Pipeline siting bill clears second round

Senators gave second-round approval Nov. 17 to a bill that would provide a regulatory framework for siting oil pipelines in Nebraska.

LB1, introduced by Fullerton Sen. Annette Dubas, would create the Major Oil Pipeline Siting Act. Among other provisions, the bill would define a major oil pipeline as one larger than six inches in diameter and establish an application process for routing a major oil pipeline in Nebraska.

LB1 previously was amended on general file to not apply to any major oil pipeline that has submitted an application to the U.S. Secretary of State prior to the bill’s effective date.

A select file amendment offered by Dubas and adopted 41-0 replaced the bill.

Under the amended bill, the Public Service Commission (PSC) would be responsible for evaluating and approving applications, as well as holding public hearings to gather citizen input. An applicant would be assessed the cost of any public hearings and investigations relating to the application. In addition, an approved application would be required prior to a company being granted eminent domain rights.

An application to construct a major oil pipeline would be required to include a statement of the reasons for selecting a proposed route and evidence of consideration of alternative routes, among other information.

Original provisions in LB1 requiring an estimated number of individuals to be employed during construction and operation of the pipeline and a list of locations along the proposed route that would be in proximity to unusually sensitive ground water areas were removed by the Dubas amendment.

“I think this streamlines the process for the pipeline company applicant,” Dubas said.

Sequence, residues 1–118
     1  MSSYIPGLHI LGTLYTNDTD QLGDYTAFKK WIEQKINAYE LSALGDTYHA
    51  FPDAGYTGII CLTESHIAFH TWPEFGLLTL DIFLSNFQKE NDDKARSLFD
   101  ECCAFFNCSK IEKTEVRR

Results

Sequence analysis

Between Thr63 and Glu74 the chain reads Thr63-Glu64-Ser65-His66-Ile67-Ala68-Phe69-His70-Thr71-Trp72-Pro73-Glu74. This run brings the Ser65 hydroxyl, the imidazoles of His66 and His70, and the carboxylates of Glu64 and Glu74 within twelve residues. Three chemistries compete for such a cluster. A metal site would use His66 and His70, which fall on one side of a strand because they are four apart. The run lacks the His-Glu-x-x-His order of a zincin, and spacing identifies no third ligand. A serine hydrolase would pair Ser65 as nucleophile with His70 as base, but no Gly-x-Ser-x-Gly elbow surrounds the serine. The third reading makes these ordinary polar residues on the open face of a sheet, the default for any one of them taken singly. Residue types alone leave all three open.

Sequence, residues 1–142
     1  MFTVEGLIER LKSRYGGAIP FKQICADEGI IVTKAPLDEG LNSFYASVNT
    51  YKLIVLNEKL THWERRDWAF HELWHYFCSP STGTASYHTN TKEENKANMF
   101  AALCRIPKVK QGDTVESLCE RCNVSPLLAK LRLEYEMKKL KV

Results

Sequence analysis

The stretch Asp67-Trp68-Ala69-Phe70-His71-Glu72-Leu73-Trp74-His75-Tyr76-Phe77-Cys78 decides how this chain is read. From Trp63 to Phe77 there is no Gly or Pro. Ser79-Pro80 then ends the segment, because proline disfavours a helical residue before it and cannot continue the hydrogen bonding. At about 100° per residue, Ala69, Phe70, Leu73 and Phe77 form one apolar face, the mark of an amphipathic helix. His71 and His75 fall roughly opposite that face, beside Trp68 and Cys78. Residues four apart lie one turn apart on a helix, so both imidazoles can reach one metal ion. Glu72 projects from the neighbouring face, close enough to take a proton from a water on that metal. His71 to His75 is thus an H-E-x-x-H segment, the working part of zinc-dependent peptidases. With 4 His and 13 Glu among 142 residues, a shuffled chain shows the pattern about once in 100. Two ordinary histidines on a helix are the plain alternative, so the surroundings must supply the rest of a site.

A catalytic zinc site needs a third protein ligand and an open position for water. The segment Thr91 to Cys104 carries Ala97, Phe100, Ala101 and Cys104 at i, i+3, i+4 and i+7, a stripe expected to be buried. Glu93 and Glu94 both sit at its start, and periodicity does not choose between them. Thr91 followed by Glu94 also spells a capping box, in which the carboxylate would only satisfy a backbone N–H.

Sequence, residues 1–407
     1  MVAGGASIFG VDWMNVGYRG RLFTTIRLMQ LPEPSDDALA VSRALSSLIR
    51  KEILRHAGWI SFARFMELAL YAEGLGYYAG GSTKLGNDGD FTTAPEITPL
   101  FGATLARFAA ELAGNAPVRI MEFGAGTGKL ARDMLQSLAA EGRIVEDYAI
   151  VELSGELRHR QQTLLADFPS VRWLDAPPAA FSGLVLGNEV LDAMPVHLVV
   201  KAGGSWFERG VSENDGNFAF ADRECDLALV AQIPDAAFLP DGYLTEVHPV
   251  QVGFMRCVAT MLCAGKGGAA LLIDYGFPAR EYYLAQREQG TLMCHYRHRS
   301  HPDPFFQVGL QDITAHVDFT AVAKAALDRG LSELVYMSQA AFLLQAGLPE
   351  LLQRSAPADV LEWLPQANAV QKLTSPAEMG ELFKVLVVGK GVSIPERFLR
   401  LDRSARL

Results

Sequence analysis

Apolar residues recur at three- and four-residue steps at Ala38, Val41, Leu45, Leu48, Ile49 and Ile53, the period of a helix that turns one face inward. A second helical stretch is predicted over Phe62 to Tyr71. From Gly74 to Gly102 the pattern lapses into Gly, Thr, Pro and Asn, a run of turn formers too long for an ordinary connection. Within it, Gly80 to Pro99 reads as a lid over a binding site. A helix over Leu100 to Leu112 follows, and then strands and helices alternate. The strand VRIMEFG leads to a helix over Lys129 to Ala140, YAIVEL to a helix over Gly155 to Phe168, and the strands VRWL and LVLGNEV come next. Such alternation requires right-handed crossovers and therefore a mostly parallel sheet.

Among other changes, the amendment also would:
• add a hydrogeologist to the list of consultants;
• add utility corridor consideration for a proposed route;
• require submission of agency reports only if requested by the PSC;
• specify a 60-day time frame for the PSC to schedule a public hearing;
• change the decision-making timeline for the PSC from eight months to seven; and
• change the possible extension from 18 months after a public hearing to 12 months after receipt of an application.

Dubas said several senators were particularly concerned about timelines in the original bill.

“Many comments were made about shortening the time frame of the application and the ultimate decision,” she said. “I am very satisfied with the changes and the cooperative process we went through.”

Sen. Kate Sullivan of Cedar Rapids supported the bill and the amendment, saying they would constitute a sound process for siting future oil pipelines.

“[LB1] simply puts in place a process that will be clear to everyone,” she said. “It will work for everyone involved.”

Columbus Sen. Paul Schumacher offered an amendment that would have permitted the state to lay, relay, operate and maintain fiber optic cable in a major oil pipeline right-of-way. Schumacher said the state should reserve the right to use fiber optic cable in the future to protect pipelines from security threats.

Kearney Sen. Galen Hadley opposed the amendment, saying it would be a major change in state policy that should not be undertaken without a full public hearing on the issue.

The Schumacher amendment failed on a 2-27 vote.

Sen. Ken Haar of Malcolm introduced an amendment that would have defined the Sandhills region as an “avoidance area” where pipelines could not be routed unless no reasonable alternative was available. He said the amendment was in response to public testimony given on the various bills introduced during the special session.

“The overwhelming message was that they wanted legislation that made it clear that the Sandhills should be avoided,” Haar said.

Sullivan opposed the Haar amendment, saying the application process outlined in LB1 and LB4 would provide sufficient protection for the Sandhills.

“I think that if we go forward with these two pieces of legislation, we can address your concerns,” she said.

Haar withdrew the amendment.

Lincoln Sen. Bill Avery introduced, and later withdrew, an amendment that would have required applicants to disclose documents relating to the application process except those that otherwise lawfully could be withheld.

Lawmakers also gave second-round approval to LB2. Introduced by Lexington Sen. John Wightman, the bill would appropriate funds for special session expenses.

Both bills advanced on voice votes.

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